Okay, so, perhaps you, like myself, are not fat. Maybe you're not even chubby. "That's a shame, but this isn't my fight" you say. "It doesn't effect me."
I'll put my money on it that it did effect you. I'll bet that you had at least three of the following experiences.
As a child, your mom didn't want you to have an extra cookie at dinner, and didn't say why.
You snuck a cookie and felt very naughty.
You went out to the playground and were harrassed for being fat, or witnessed a classmate being degraded.
You might have been the one throwing the punches or the particularly cruel remarks, hating him or her more than was reasonable, because they were the embodiment of your fears of exclusion.
Your mom worried about her weight, dieted, or ate less than the rest of the family.
You followed her lead because you thought that was grown up behavior.
If you're a baby boomer, your Mom might have purchased your first girdle.
You felt pretty the next day at school, but at home when you took it off the red lines it left on your skin hurt terribly.
You overheard some boys in the cafeteria talking about the fat girl. You were very glad you weren't her. Or you were her and wished to God you weren't.
You took measures to make sure you never became her.
You flipped through magazines with your girlfriends, critiquing the model's bodies, trying to find flaws, lamenting your own, comparing yourself to image after image.
You pinned up some pictures of the particularly pretty models as an incentive to lose weight.
The Valentine's dance was coming up. You went on an all water-diet, just like all your other friends. You went to the dance, and all the fat girls were left sitting on the sidelines during the slow songs.
You went on a binge when you got home. Or perhaps you never went at all.
You discovered that horizontal stripes were a sin against nature.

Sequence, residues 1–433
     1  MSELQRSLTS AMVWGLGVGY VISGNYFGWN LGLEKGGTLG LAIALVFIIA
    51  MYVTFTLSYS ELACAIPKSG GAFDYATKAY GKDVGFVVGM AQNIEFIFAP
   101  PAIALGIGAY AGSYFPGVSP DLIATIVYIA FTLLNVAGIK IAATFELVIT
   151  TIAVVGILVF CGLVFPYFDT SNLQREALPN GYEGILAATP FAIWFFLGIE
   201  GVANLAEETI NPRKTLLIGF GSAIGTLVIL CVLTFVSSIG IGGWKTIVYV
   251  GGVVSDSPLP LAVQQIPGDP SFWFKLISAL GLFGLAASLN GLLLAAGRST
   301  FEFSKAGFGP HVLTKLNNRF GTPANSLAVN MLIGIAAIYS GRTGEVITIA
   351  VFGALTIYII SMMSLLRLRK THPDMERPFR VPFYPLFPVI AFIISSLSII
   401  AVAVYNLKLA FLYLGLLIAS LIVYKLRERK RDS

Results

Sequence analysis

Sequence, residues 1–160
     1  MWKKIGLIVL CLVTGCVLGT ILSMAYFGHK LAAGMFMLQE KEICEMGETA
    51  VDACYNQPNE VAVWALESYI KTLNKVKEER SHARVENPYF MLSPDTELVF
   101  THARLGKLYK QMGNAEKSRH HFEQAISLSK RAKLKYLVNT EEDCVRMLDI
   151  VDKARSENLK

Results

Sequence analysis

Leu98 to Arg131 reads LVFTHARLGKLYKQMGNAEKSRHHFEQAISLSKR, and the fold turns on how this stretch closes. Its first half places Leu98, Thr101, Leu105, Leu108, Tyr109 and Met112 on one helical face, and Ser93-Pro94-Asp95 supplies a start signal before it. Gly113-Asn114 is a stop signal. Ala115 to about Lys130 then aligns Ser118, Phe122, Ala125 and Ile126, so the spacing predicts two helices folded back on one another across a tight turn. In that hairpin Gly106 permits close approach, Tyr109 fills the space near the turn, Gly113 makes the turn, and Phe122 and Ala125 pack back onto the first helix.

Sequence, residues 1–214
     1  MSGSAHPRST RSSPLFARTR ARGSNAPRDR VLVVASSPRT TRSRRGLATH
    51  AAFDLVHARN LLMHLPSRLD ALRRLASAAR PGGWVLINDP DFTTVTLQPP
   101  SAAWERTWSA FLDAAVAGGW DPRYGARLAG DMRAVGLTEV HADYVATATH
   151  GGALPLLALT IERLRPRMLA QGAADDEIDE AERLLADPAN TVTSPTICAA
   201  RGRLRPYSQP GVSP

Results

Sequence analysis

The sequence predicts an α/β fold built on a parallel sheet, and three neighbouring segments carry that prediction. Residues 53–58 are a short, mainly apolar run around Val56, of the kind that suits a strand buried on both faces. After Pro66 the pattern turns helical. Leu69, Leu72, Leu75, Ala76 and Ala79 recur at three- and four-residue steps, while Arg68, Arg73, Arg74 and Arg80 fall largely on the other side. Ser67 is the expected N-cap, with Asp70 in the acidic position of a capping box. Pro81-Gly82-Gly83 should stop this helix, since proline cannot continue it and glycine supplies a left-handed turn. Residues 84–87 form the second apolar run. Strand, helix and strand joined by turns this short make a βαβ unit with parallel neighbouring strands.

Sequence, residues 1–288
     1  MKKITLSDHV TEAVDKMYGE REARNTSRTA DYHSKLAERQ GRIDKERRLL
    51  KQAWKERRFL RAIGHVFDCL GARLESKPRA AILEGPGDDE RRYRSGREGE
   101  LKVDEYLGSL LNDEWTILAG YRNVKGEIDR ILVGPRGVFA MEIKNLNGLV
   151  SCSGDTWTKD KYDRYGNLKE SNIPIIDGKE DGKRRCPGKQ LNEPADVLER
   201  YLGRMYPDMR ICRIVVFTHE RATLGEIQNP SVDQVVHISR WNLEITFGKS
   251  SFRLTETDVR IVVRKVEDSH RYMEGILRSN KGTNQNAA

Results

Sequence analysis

You threw away everything in your closet that had horizontal stripes.
You heard in health class about bulimia or anorexia, or you heard the prettiest girl in school purged.
You tried gagging yourself, but it didn't work, and you were unable to starve yourself. Or maybe, far worse, you suceeded.
If you're a man, you admired a lovely fat girl... and if anyone ever knew it, you would have died of shame, or said "She's got a nice face..."
You never asked her out.
You watched TV. Fat people ate so much - they were slovenly, unhygenic, perhaps jolly, perhaps mean, but always gluttonous.
Whenever a fat person showed up on the screen, you learned to anticipate the fat joke or the donut making its way to the actor's mouth.
You found that fat girls have far more difficulty being accepted to college. Or perhaps you were completely unaware of this form of apartheid.
You fell in love with a boy. You knew, either because he told you or because you could sense it, that he wanted you thin.
You struggled to wear clothes that made you appear thinner, and sucked in your stomach when you made love for the first time.
You went out eating with him often.
You ordered the salad, or picked at your food daintily, although your stomach was gnawing at you.
He proposed. You planned the wedding. You bought a dress.
You went on a diet so you'd look better in your wedding gown.
You watched infomercials with excercise equipment. The people looked so happy and beautiful and sexy.
You currently have three pieces of excercise equipment that have been used a grand collective total of 10 times for a few minutes sitting in your basement.
You had a baby.
You stressed almost as much about the weight you were gaining being pregnant as you did about the thought of the pain of labor.
Your little girl grew. When you drove her to school one morning, you saw a fat child being teased on the playground.
That night, when she asked for another cookie, you said no.